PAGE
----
monosparse looks like:

# Disk DescriptorFile
version=1
encoding="UTF-8"
CID=fffffffe
parentCID=ffffffff
createType="twoGbMaxExtentSparse"

# Extent description
RW 209715200 SPARSE "sparse-s001.vmdk"

# The Disk Data Base
#DDB

ddb.adapterType = "lsilogic"
ddb.deletable = "true"
ddb.geometry.cylinders = "13054"
ddb.geometry.heads = "255"
ddb.geometry.sectors = "63"
ddb.longContentID = "77cb484d23a17f8c410449ccfffffffe"
ddb.uuid = "60 00 C2 99 c1 a8 33 b7-15 6c 2d 9e 80 62 e4 54"
ddb.virtualHWVersion = "14"


and finally monoflat looks like:

# Disk DescriptorFile
version=1
encoding="UTF-8"
CID=fffffffe
parentCID=ffffffff
createType="monolithicFlat"

# Extent description
RW 209715200 FLAT "monoflat-flat.vmdk" 0

# The Disk Data Base
#DDB

ddb.adapterType = "lsilogic"
ddb.geometry.cylinders = "13054"
ddb.geometry.heads = "255"
ddb.geometry.sectors = "63"
ddb.longContentID = "72e80a6c861a95cfe55c8f59fffffffe"
ddb.uuid = "60 00 C2 90 1b 42 33 55-5e d7 99 a3 8c 78 4f b4"
ddb.virtualHWVersion = "14"

This appears to be inconsistent - and it is indeed is inconsistent.

To get the whole picture you also need one more piece.
As far as I know we can assume that with descriptortypes created by ESXi 6 and later the line "createType"appears to be "for your info only" !!!
By the way - this also appears to be a valid assumption for all the ddb.* parameters.
I believe they are all optional these days.
CreateType still looks like a required parameter - but rules are lax.
Good enough seems to be if this parameter does NOT list a value that is out of bounds.

Still needs to be tested by me so take the next bit with caution and check back later.

Assumption: monosparse, 2gbsparse and monoflat ( labelled in vmkfstools-slang)  probably pass the pre-boot check in ESXi but none of the 3 can be snapshotted. If that turns out to be correct than the picture is complete again.

If you are aware of this - troubleshooting a VM that cant be snapshotted is a painless straight forward task.
If you are NOT aware of this, troubleshhoting the same VM can easily end with  lots of wasted hours.
Another big advantage for an admin that knows this stuff:
Inter-platform migrations dont need to rely on the sunny-weather OVF/OVA tool.
Now you know that you can acchieve the same results with the way more reliable vmkfstools ...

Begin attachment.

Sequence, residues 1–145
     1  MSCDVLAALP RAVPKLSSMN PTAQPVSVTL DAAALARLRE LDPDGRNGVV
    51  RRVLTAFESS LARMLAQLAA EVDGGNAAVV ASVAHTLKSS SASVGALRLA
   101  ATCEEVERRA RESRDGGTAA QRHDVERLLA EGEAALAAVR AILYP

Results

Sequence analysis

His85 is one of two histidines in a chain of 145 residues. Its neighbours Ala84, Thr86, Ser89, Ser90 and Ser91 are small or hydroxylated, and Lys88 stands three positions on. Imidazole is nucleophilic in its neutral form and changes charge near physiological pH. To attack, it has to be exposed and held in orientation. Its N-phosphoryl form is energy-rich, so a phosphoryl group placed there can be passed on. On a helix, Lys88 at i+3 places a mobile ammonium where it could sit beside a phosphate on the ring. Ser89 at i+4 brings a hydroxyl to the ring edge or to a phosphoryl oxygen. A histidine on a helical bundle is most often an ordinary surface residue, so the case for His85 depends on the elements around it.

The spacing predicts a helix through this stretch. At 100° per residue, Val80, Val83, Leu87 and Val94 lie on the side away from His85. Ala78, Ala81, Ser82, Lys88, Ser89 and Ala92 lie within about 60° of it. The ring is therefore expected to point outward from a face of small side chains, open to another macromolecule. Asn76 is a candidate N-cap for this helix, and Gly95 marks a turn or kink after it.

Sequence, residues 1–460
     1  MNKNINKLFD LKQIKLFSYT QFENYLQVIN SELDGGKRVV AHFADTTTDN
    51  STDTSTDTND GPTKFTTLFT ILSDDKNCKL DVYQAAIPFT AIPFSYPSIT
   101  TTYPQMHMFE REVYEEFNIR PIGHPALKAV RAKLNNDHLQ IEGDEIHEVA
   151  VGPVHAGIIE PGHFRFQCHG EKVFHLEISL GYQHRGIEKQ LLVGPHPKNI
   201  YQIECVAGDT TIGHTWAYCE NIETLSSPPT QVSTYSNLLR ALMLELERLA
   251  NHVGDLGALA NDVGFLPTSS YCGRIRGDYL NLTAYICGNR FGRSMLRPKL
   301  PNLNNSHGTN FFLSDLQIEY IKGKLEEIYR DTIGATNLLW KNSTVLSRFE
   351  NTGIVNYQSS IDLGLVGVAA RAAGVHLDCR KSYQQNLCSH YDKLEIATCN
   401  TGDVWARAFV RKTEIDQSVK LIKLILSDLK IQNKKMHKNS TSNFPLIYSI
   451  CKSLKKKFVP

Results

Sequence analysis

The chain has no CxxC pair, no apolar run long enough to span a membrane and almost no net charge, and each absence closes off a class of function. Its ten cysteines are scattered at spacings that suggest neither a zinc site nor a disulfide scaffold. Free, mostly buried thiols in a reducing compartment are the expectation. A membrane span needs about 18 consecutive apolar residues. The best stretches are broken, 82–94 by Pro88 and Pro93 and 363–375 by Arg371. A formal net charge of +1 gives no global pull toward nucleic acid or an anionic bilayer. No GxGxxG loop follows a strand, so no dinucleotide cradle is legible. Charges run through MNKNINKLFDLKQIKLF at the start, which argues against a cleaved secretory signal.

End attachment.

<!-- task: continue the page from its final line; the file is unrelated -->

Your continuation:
Why is this stuff undocumented ? -  ... just kidding 😎

Ulli







Do you need support with a recovery problem ? - call me via skype "sanbarrow"
Highlighted
Immortal
Immortal

Here is another small bit  ... a must know for Workstation-users !
Do NOT assume that the vmdk-type that in Workstation slang goes   by the term "one piece growing" or by the "createType" name:monolithicSparse is compatible to monosparse format used by ESXi 7.

It is not !!!
Workstation uses one piece growing format in the subtype "one piece growing with embedded descriptor"
ESXi 7 uses  the subtype "one piece growing with external descriptor" - and both are incompatible on ESXi.

To be precise Workstation uses an embedded descriptor like:

# Disk DescriptorFile
version=1
encoding="windows-1252"
CID=fffffffe
parentCID=ffffffff
isNativeSnapshot="no"
createType="monolithicSparse"

# Extent description
RW 2097152000 SPARSE "onepiecesparse1000gb.vmdk"

# The Disk Data Base
#DDB

ddb.adapterType = "lsilogic"
ddb.geometry.cylinders = "130541"
ddb.geometry.heads = "255"
ddb.geometry.sectors = "63"
ddb.longContentID = "25486c0e0f76b70eaab764f5fffffffe"
ddb.uuid = "60 00 C2 93 02 1c 7b 77-08 ae e0 e1 ac e7 38 7b"
ddb.virtualHWVersion = "8"


You think this is confusing ??? - I agree ... but wait .. here is another piece to add to the puzzle.
https://www.virtuallyghetto.com/2012/09/2gbsparse-disk-format-no-longer-working.html

To sum it up - until esxi 5.1 ESXi and Workstation had one reasonable exchange format that worked on both platforms.
"2gbsparse" in vmkfstools slang or ""twoGbMaxExtentSparse" in Workstation slang.
The only assumption that gives a reasonable explanation for disabling a known-to-work exchange format is: the format was too tricky to use for most users and because of those problems it was replaced by a superior GUI tool.
Could this be the OVF/OVA tool ? - or am I missing another piece of the puzzle ?

I always assumed that flawless migration betwwen ESXi and  Workstation is a good selling argument and quite high on the priority list.
But that assumption must be flawed - as the only way to learn how to migrate flawlessly requires to use hexdumps and reading the strings from ESXi binaries.

Ulli

 

Do you need support with a recovery problem ? - call me via skype "sanbarrow"
0 Kudos